I am wearing my skeptical face right now.


Re: Whips and weapons

Yeah...scaring a wild boar away with a whip. Let me guess, then he stepped into a phone booth, changed into his superhero costume and flew away! wink


Re: Whips and weapons

It does scare some stray dogs in out neighborhood when walking at night. Especially those pack of strays near our block who snarl and bark at people who pass by.

But for some reason, cats aren't scared by it. They actually try to chase after the cracker. Hahaha!


Re: Whips and weapons

I killed a Dragon once, with my razor edged fire-whip.
Alway take it with me when I'm fishing, .......... you never know, ......


Re: Whips and weapons

Wild boar? Sure, whatever tongue

This "whips are weapons" thesis has been on for an eternity, and will probably be for a long time. I dislike it for just the same reason as Fritz. It creates bad reputation, and whipcracking gets you enough weird looks as it is already.

I'm not a fighter myself, but do have a philosophy to follow if there ever comes a situation I have no choice but to fight: Everything is a weapon. By that I mean it's possible to use everything not bolted down as a weapon, all you need is to make it an extension of your hand. Just look around and count everything you could use to end a violent argument if you chose to do so.

And now the actual point. Take all the things you counted, and really think if you could say "I'd rather choose a whip" at any of them. I know there are people who could take me down with a chopstick if I were wielding a sword, but even that hypothetical chopstick ninja would rather use a sword, baseball bat, knife, beer bottle or just about anything non-chopsticky if he had a choice.

Everything is a weapon as soon as you decide to use it as such. But I just cannot think of a situation where a whip could be seen as the best option of things you can pick up and hospitalize people with.

- Pokkis


Re: Whips and weapons

I agree with those that say a weapon is anything that can be used to harm another person. The list is endless. So in this regard the whip can be a weapon.

The other thing is that not all whips are alike, the bullwhip would probably not make a very efficient weapon, but as mentioned there are whips designed to be weapons and as David said you could modify a bullwhip to be a more efficient weapon. But there are also whips like the Sjambok, the sjambok is not a whip in the traditional sense but is regarded as a whip here in South Africa. It is also carried frequently in rural areas as a self defense tool and it is a very effective tool against most other weapons besides a gun. The riot police in South Africa during apartheid were famous for carrying sjamboks to beat protesters, and it was used with deadly force. Rural people in Africa often have considerable stick fighting skills (learnt from a young age) and I would not like someone with these skills to beat me with a sjambok.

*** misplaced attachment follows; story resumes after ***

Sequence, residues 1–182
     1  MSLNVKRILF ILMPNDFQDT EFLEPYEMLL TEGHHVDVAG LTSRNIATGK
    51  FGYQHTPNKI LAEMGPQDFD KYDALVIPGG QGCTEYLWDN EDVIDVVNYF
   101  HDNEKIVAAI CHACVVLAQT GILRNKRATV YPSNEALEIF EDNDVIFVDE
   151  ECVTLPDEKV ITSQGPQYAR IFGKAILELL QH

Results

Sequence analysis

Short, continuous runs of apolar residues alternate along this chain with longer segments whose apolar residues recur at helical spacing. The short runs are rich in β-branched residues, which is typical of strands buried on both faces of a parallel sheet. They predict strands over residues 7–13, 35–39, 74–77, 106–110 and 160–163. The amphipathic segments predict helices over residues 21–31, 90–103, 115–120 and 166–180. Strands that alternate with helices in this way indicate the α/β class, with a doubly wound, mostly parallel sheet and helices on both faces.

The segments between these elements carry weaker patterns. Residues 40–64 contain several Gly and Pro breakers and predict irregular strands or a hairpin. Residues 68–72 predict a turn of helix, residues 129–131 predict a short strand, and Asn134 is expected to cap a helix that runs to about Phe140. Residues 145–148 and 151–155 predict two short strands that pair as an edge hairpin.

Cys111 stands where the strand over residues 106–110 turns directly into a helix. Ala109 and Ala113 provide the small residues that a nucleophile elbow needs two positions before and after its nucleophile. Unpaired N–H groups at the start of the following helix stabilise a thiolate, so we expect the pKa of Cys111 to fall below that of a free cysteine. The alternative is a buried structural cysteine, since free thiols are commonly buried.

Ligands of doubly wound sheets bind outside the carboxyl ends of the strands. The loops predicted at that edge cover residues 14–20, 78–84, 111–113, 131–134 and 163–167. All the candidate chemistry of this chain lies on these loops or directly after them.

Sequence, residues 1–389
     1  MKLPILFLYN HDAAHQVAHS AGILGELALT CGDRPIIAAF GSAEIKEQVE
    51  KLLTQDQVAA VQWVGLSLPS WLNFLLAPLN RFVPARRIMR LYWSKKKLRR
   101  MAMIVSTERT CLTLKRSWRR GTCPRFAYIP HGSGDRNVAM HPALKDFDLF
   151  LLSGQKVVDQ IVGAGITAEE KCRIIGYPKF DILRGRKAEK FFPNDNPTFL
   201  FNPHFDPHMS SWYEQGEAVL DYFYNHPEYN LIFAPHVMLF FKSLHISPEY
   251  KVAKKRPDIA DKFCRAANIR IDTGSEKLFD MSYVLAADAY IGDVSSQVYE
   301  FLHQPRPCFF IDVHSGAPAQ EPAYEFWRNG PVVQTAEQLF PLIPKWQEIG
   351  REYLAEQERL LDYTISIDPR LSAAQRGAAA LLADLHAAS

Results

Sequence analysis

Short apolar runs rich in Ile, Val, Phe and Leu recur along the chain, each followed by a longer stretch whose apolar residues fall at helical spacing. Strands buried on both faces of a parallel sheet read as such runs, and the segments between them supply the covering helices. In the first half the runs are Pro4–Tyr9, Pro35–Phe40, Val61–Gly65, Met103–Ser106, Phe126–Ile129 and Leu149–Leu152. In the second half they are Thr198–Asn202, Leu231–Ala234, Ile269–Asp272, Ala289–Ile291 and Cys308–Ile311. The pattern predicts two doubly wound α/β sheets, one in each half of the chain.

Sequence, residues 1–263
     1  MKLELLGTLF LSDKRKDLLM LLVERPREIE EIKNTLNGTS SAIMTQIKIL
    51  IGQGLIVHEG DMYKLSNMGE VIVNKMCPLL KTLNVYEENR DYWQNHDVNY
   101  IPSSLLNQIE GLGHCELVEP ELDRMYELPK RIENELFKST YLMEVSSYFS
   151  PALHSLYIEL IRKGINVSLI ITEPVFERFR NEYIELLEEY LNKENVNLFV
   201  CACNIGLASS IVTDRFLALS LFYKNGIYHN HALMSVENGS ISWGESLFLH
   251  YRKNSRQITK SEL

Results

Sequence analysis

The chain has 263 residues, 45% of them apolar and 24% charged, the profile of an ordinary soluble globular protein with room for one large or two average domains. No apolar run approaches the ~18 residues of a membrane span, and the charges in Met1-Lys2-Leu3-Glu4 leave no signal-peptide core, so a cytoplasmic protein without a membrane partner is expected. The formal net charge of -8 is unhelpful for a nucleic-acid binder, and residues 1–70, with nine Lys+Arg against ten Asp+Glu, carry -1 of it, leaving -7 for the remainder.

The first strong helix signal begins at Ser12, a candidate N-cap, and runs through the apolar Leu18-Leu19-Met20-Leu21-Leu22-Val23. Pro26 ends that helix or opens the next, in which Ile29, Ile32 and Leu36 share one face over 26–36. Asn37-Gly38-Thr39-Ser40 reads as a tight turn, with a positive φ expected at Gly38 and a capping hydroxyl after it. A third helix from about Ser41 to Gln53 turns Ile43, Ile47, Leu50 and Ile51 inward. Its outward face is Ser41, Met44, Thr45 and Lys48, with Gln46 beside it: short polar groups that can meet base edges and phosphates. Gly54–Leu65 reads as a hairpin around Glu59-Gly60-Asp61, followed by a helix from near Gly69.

Moral of the story is that a whip like a bullwhip was built to be used as an agricultural tool and it is good at that use, on the other hand a sjambok is built to be a weapon and it too is good for it's purpose. Would it help banning them because they are weapons? I dont think so, the amount of damage you could inflict with a sjambok could probably be replicated by a garden hose. And it would be silly to ban garden hoses because it can potentially be used to inflict harm


Re: Whips and weapons

As to banning all potential weapons, just think what damage an aggressive person might do with an ordinary fork from the dinner table! Should forks be banned forthwith, lest they fall into the wrong hands?   tongue

'Less is often more!'


Re: Whips and weapons


I've seen a serious and mean fight between a martial arts superhero/teacher/master what ever and a MMA fighter. The martial arts guy stated that he's a master in Karate and shaolin Kung Fu. The other one only said: "If I come close enough, I'll kill him". They were waiting for the referee's signal. That signal came and the MMA guy just ran over the "Master". He literally ran into him, grabed his head, crushed him into the ground and hit him instantly and extremely hard. It took about five or seven seconds and the referee jumped in. To save that Karate/Kung Fu guy. In a way he was too late. The "Master" was laying on the floor, heavily injured, bleeding and unconscious. I imagined what it would've looked like if the Karate guy had a whip, ready to strike. Nothing would change. Nothing. With a whip you have a clear defined impact point. With a short whip it's nearer, with a longer whip it's more away from you. As soon anyone is within the whip's range, the whip is useless. On the other hand - that MMA guy came in that brutal, fast, hard and effective that I'm not sure that even a knife would have helped the other guy.

I know that a lot of folks see the whip as the defense/attack weapon. And I respect their opinion. On the other hand they have to respect my point of view. And my point of view is a very practical one. When I was at the age between 16 and 22, I spent a lot of time in police stations and/or hospitals, because I had serious and brutal brawls at least two times a month. Some I won, some I lost. Sometimes I beat up others very bad. Sometimes I was beaten up that I had to stay in hospital for a few days. I was living in a very shady area of the city. I was young and I wanted to proof myself every day. But... That made me a very good and realistic teacher for Karate and self defense. Because I experienced all that stuff first hand. When I beat up a guy that hard that there was a risk that he could die, that was a wake up call for me. And I never raised my hand against another person. To defend others, yes. But never when someone provoked me. Never.